Recently, my colleagues on the Board of Supervisors announced a proposal: “Density done right.” The goals behind their proposal are to be applauded — to create affordable housing without jeopardizing tenant security, to ensure that families and seniors in the local community can afford the housing provided by each project and to ensure that the creation of density does not mean losing affordability.
While these goals sound great, the reality is that the “Density done right” proposal does nothing to create new affordable housing other than add new barriers. The proposal was a reaction to the Affordable Housing Density Bonus legislation that I introduced along with Mayor Ed Lee and the Planning Department.
The proposal I put forth encourages affordable housing development for both market-rate developers, as well as 100 percent affordable housing projects. The “Density done right” proposal only adds barriers and limits the production of 100 percent affordable housing projects, and it does nothing to incentivize market-rate developers to provide additional onsite affordable housing.
In San Francisco, only about one or two of these 100 percent affordable projects are produced each year, given the heavy public subsidies these projects require.
Thus, having legislation that focuses solely on 100 percent affordable housing projects is short-sighted and does little to increase the production of affordable housing.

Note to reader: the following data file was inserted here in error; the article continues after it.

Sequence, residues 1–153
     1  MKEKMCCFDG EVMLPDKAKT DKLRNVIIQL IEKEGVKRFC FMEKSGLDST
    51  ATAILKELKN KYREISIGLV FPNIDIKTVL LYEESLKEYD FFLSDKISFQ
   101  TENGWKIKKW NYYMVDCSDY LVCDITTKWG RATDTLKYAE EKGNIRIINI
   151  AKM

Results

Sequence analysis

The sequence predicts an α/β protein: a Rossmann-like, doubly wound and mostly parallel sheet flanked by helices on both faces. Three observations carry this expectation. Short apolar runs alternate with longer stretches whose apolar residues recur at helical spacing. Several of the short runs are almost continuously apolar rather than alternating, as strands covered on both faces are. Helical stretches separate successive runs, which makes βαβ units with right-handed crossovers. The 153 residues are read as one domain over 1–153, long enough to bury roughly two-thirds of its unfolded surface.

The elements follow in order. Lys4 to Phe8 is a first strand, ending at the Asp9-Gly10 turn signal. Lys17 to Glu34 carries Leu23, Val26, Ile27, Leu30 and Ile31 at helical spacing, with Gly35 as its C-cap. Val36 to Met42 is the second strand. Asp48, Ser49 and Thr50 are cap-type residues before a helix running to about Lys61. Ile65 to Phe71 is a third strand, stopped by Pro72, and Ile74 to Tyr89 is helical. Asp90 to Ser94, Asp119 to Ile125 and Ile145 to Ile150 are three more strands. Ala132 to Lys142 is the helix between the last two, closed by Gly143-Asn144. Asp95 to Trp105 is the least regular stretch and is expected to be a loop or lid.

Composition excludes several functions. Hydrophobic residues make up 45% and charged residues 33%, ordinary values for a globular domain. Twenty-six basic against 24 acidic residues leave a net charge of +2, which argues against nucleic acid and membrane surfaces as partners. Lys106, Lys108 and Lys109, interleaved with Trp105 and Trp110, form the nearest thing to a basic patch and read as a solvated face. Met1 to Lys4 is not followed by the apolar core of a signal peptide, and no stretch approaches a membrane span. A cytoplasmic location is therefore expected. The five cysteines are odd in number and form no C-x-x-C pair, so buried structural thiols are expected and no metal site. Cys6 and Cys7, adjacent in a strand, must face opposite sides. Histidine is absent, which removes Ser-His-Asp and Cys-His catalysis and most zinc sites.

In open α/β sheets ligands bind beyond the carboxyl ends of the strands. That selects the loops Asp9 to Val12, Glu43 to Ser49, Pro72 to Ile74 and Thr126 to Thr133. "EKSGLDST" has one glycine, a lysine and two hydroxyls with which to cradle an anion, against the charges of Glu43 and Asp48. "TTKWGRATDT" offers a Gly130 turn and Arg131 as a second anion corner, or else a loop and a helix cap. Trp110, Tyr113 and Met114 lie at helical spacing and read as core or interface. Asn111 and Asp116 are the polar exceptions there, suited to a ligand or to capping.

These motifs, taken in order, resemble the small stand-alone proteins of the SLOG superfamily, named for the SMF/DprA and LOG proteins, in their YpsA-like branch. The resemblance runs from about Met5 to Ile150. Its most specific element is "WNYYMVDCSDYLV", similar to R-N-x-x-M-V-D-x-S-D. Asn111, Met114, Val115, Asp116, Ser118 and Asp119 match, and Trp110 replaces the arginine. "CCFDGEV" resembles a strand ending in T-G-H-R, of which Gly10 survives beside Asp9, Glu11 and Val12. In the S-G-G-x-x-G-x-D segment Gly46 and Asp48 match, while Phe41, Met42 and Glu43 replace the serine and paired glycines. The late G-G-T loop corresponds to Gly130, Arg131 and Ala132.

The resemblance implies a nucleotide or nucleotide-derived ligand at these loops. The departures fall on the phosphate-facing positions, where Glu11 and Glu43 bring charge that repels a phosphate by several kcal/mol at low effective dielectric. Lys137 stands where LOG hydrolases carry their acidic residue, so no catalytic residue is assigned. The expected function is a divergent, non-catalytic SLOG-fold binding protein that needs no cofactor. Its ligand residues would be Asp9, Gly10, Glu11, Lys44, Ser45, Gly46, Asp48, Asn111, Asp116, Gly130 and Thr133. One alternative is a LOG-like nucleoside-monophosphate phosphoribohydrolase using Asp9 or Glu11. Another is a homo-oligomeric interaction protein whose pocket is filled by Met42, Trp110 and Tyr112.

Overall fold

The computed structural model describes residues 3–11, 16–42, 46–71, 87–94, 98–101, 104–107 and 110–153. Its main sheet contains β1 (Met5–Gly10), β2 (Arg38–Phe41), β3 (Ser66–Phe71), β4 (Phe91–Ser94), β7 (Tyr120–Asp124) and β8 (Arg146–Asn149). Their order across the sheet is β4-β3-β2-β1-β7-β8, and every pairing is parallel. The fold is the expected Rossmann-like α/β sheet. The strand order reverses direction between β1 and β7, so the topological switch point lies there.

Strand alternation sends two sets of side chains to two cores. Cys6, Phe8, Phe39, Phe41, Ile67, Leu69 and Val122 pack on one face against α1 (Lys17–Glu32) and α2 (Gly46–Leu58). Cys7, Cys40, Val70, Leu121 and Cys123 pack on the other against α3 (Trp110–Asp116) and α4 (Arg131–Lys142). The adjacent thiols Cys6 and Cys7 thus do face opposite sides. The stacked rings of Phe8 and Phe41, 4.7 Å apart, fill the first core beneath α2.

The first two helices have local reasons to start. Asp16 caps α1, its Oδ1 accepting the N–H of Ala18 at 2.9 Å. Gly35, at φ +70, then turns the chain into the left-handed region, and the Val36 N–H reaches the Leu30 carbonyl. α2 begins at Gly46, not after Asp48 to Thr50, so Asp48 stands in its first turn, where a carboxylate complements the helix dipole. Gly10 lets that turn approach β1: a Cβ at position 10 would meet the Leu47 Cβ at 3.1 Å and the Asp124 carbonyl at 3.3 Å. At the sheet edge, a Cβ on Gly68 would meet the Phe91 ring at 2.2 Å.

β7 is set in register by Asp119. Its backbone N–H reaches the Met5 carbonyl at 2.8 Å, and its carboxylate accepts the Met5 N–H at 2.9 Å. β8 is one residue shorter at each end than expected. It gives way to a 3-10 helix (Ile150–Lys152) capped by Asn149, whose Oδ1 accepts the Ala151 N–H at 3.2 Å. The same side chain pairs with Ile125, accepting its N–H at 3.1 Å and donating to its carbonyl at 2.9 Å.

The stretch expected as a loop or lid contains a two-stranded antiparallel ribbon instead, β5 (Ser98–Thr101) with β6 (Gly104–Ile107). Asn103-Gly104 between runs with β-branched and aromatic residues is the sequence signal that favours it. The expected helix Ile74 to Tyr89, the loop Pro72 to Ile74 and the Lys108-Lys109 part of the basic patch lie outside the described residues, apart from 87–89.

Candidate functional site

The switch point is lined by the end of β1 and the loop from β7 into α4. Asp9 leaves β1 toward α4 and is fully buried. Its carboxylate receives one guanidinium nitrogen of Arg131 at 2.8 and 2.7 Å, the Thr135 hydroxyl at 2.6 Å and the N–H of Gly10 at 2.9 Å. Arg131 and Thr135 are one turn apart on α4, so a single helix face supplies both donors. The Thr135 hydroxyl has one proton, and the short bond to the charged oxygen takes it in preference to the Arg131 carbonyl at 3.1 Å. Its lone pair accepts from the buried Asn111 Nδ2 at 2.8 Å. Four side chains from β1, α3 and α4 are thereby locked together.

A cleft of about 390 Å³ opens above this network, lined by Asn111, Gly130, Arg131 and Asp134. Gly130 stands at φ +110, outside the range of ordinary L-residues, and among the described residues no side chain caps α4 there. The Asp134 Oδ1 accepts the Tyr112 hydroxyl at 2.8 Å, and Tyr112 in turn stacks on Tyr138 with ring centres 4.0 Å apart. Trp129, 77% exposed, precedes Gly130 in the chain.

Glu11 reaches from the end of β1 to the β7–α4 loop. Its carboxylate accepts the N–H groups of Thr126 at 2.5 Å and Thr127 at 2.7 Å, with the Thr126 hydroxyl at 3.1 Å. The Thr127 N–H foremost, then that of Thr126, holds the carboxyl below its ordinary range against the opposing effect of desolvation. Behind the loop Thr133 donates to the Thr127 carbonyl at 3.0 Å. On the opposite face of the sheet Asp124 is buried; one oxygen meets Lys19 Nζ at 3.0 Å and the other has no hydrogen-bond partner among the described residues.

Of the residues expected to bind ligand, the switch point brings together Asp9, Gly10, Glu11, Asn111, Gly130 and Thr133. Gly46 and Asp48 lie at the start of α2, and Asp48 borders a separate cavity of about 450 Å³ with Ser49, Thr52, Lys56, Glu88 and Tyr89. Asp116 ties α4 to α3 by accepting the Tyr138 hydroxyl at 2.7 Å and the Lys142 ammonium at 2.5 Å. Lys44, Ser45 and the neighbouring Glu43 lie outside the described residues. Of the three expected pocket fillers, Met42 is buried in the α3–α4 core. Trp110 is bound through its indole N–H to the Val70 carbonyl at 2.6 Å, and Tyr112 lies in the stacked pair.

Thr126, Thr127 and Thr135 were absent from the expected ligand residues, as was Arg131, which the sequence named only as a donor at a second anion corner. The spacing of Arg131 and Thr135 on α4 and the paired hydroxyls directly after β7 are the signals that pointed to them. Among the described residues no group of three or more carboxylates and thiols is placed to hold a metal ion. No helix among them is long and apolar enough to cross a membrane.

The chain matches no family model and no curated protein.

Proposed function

The essential elements of the “Density done right” proposal all run counter to creating more affordable housing:
n Limiting the height increases to two stories above existing height limits (instead of three, under my proposal) means we get fewer affordable housing units.
n Only allowing developments to be located on specified “soft sites” across The City, instead of allowing all possible opportunities, means we are limiting ourselves to about 32 parcels — not the 200 cited in a recent op-ed piece by Supervisor Aaron Peskin — and that we lose out on opportunities that arise outside of those 32 parcels. Affordable housing developments — such as 121 Golden Gate Ave., which provides housing above St. Anthony’s dining room, and St. Peter’s Place at 430 29th Ave. with 20 units of affordable housing for developmentally disabled adults — would have been excellent candidates for a density bonus program and would be excluded from the “Density done right” program.
n Requiring a new conditional use process for 100 percent affordable housing projects runs counter to legislation that the Board of Supervisors unanimously approved in February to eliminate the conditional use process for 100 percent affordable projects.
n Lastly, the requirement to provide affordable housing priced for low- and middle-income households up to neighborhood median income levels does not make sense for 100 percent affordable housing projects, where income levels are already restricted.
Let’s not be short-sighted about how we build affordable housing in San Francisco. Let’s work together to build affordable housing the right way — and that means offering real avenues to build 100 percent affordable housing and real incentives to get market-rate housing to offer one-third of their units at affordable levels. I welcome input from supervisors Peskin and Eric Mar on getting the best proposal, but let’s not erase all the hard work and analysis that has already been done on this issue. Let’s build more affordable housing now — not less and not later.